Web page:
- Safe Obama: California, Connecticut, DC, Delaware, Hawaii, Illinois, Maryland, Massachusetts, New Jersey, New York, Oregon, Rhode Island, Vermont, Washington (185 EVs)
This gives us the following map and totals:
- Safe + Likely Obama: 286 electoral votes
- Safe + Likely + Lean Obama: 311
- Toss-up: 85
- Safe + Likely + Lean McCain: 142
- Safe + Likely McCain: 128
I will naturally not attempt to provide an explanation for every single one of these ratings and will concentrate instead on those that have shifted over the past week:
Arizona, likely McCain to lean McCain: This seemingly last-minute development was a long time coming: Arizona polls have shown a surprisingly tight race for months, and McCain’s first signs of vulnerability came when he failed to break 50% in the state’s primary on Super Tuesday. But no one really believed that McCain’s home state could possibly be that competitive and, despite some occasional noise about an optimistic state Democratic Party, the Obama campaign did not make a move. Until this week, that is, when a big wave of polls showing McCain’s lead within the margin of error forced Obama into action; his campaign bought air time in Arizona and mobilized state volunteers.
It’s hard to think of a scenario in which Arizona is the decisive state, but at the very least, Arizona’s yearning to be a battleground state is a very good sign for Democrats in future presidential elections, and it will pay dividends at the House level, where Democrats are poised to pick up one to two seats after the two they won over in 2006.
Georgia, lean McCain to toss-up: It’s hard to believe that we are thinking of Georgia as a battleground state - let alone as a toss-up - but until Republicans prove that they are enthusiastic enough to actually vote, they are facing a catastrophe in the state: More than half of the electorate cast an early ballot, and African-Americans make up 35% of those voters - up from the 25% they represented in 2004. If strong Republican and white turnout on Tuesday does not push that number south to 30-31%, Barack Obama will be ideally placed for a (somewhat unexpected) pick-up. His campaign had invested in the state throughout the summer but went dark in mid-September, in the aftermath of the GOP convention; they are now back, airing at least one of ad tying McCain to President Bush.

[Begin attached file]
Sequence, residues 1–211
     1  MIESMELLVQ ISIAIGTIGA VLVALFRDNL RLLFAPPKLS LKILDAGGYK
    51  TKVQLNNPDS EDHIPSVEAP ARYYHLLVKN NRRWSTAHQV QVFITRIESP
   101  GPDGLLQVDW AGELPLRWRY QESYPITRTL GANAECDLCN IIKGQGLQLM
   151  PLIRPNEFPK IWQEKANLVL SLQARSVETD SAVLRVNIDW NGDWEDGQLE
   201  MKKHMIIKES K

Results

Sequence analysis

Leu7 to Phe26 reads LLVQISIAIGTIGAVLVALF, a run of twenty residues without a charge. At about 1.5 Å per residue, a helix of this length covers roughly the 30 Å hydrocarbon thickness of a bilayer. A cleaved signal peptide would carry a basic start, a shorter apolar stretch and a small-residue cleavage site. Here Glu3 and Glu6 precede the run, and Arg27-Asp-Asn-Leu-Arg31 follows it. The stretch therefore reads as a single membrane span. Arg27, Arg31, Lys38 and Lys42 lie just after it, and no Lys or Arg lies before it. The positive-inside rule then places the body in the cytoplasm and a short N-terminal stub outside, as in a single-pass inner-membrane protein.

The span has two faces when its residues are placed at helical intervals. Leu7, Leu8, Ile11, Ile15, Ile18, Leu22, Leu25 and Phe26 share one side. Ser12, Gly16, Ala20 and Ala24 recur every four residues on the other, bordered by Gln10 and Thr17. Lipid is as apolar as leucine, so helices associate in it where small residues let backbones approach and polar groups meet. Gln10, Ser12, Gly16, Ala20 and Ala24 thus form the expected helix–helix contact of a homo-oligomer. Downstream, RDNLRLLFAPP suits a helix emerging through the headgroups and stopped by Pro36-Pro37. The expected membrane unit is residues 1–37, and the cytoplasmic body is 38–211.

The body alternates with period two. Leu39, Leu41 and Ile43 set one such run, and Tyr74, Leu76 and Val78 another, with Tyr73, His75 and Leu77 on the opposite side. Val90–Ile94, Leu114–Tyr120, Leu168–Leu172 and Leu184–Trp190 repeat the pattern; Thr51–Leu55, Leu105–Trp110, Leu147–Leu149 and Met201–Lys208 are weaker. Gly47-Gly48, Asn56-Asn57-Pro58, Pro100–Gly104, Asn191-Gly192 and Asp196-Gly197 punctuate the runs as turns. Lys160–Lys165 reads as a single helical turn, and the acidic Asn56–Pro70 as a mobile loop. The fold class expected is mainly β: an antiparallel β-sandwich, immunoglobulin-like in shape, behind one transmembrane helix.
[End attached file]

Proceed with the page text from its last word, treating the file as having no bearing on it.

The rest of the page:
Louisiana, safe McCain to likely McCain: Merely mentioning this state in the context of presidential politics would have been unthinkable just a month ago, but in the current climate an upset cannot be ruled out in any states that have a history of voting Democratic. Of course, Louisiana’s situation is complicated by the post-Katrina migrations, and no one truly knows whether the African-American population is large enough for a Democrat to pull off victory in a competitive race here. Mary Landrieu’s fate is, of course, far more dependent on this question than Obama’s.
Nevada, toss-up to likely Obama: Different forces have conspired to make Nevada look like a likely Obama pick-up. For one, he dominates among Hispanics by margins that Al Gore and John Kerry would be jealous of, as well as among the West’s independent voters, who have always been one of his strongest constituencies. Polls released over the past 10 days by CNN/Time, Suffolk, Research 2000 show Obama has jumped to a commanding lead that rivals his advantage in Colorado. As if this was not enough, early voting is looking very promising for Obama. In Clark County and Washoe County, which together account for 87% of registered voters, the gap between Democratic and Republican early voters is far larger than that of the electorate at large; if conservatives do not vote at a far higher pace, the GOP could not only lose the state at the presidential level but also one or both of its House seats.